Hop Experimentation – An Idea

Thursday, November 17th, 2011

How any IBU’s is too many?

Most craft beers now list the IBU (International Bittering Units) on the side of their bottles. I like hopped up beers – but, really couldn’t tell you my hop preference in an number form. You see, it all depends on the style of beer – some beers seemed too bitter at 60IBUs while Pliny the elder seems balanced at over 200IBUs… Then there is this monster: Alpha-Fornication (2500+)

So, I was thinking that it would be nice to have a horizontal comparison – the same beer, with the same ingredients – but at drastically different IBU levels.

For those playing at home, I guess you could try Dogfish Head’s 60, 90, 120 minute IPA line. Even then, the ABV would be different…


Start with 10 gallons of 5% wort.

  • Add hops every 30 minutes.
  • Pull off 2 gallons
  • Repeat until wort is gone.


This will give us a range of similar beers with exponentially varying levels of hop goodness.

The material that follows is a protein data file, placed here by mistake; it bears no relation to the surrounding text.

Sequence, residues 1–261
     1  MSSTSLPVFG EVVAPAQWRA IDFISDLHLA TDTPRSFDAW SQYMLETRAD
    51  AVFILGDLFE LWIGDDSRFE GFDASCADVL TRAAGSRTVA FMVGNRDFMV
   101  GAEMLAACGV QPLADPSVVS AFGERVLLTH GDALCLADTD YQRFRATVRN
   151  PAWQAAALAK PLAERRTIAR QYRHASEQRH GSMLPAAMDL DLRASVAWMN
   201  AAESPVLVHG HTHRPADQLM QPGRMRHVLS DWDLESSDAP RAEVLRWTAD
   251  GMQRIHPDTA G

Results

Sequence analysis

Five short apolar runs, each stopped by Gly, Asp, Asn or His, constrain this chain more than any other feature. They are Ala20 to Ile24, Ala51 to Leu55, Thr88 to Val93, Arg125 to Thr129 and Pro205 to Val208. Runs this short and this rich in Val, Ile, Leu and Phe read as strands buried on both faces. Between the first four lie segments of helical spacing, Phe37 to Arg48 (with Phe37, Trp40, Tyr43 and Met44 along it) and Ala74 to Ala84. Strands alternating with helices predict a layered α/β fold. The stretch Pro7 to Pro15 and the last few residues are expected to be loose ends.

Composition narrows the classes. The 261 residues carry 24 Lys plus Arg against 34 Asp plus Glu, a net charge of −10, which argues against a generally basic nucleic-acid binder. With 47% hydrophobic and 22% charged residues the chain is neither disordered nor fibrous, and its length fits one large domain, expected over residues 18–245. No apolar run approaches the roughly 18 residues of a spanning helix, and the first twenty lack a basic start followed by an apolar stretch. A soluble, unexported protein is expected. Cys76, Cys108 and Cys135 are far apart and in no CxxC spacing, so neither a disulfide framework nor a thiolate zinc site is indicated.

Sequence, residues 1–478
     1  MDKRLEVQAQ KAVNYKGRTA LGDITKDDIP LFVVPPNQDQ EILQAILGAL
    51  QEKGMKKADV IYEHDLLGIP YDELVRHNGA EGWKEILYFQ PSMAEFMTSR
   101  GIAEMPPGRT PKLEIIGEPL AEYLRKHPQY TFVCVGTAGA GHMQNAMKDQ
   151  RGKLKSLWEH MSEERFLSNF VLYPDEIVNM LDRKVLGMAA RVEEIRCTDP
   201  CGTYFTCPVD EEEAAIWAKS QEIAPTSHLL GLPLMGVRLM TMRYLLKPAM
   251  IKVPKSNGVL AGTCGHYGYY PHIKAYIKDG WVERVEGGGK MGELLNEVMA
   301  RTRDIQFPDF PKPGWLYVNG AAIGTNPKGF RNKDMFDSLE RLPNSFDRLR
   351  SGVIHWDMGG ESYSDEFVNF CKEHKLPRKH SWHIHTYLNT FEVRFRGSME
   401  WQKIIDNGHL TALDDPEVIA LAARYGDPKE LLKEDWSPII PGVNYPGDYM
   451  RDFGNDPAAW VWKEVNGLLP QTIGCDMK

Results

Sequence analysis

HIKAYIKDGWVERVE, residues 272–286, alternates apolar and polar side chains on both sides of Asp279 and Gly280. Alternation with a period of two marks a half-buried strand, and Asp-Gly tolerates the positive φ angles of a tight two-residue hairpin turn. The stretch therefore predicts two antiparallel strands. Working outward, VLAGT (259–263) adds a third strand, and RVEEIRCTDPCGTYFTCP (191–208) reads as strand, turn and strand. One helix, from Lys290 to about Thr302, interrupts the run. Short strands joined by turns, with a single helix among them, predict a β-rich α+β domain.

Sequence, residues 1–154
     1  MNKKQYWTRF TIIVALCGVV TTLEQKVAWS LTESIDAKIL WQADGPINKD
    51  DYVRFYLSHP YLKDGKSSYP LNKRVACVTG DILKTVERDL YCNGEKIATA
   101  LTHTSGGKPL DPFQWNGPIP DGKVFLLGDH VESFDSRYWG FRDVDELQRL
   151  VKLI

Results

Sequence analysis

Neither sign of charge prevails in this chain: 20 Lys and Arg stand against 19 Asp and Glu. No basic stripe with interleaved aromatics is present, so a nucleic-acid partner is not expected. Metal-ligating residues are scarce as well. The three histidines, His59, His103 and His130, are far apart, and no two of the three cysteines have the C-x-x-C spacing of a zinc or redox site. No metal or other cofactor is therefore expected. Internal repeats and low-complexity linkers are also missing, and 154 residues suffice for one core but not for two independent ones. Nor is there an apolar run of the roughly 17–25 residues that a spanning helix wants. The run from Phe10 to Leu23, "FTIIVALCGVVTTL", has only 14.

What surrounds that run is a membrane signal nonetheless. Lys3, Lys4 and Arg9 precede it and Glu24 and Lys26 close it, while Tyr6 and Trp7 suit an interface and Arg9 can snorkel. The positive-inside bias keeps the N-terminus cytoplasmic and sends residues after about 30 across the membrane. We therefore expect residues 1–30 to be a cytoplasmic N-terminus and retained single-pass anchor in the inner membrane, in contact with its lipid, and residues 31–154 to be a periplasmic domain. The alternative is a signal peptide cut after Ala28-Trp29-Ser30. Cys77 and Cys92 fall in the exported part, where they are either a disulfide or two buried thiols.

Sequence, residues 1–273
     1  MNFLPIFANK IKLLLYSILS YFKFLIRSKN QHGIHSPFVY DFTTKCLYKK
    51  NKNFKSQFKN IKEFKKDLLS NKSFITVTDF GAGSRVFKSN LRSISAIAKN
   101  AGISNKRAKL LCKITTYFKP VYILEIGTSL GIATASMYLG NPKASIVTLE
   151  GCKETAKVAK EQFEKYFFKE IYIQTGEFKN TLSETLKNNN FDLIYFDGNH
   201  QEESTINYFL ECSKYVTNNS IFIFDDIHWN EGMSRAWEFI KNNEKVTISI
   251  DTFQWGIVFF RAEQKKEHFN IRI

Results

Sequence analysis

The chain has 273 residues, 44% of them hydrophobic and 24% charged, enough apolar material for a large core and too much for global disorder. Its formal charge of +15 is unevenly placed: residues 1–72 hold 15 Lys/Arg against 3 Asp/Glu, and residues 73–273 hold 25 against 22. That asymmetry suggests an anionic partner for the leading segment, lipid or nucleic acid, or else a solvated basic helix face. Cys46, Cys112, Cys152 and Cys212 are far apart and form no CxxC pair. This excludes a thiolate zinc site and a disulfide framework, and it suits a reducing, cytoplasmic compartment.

Percieved Issues:

1. Evaporation will cause the wort to get stronger during the long boil.

True, but at least we can use a hydrometer to check this. And we can always dilute post boil to keep them all at 5%.

2. It’s going to be hard to calculate the true IBU’s & I don’t have the equipment to test for the real numbers

True, but I think we can make a fair estimation (see below).

3. It’s going to be hard to boil that last 2 gallons with 10oz of hops

True. That should be interesting.


I put the numbers into a brew calculator. The Tinseth formula was used. For each one, I adjusted the grain level to meet 5% and then added the hops. The hops are Chinook @ 12.5%

Gallons Hop Additions IBUs
10 30 36
8 60, 30 100
6 90, 60, 30 212
4 120, 90, 60, 30 440
2 150, 120, 90, 60, 30 1123

Wait, that’s not right!

For one thing, that shows the numbers for adding all 10oz of hops to the 2 gallon boil. It does not take into account the acids that are pulled off when the other wort is removed!

Gallons Hop Additions IBUs
10 30 36
8 60, 30 93 = 100-(36/5)
6 90, 60, 30 187 = 212-(100/4)
4 120, 90, 60, 30 369 = 440-(212/3)
2 150, 120, 90, 60, 30 903 = 1123-(440/2)

This table isn’t perfect either, but accounts for *some* of the loss. In any case, it shows some huge hop potential!


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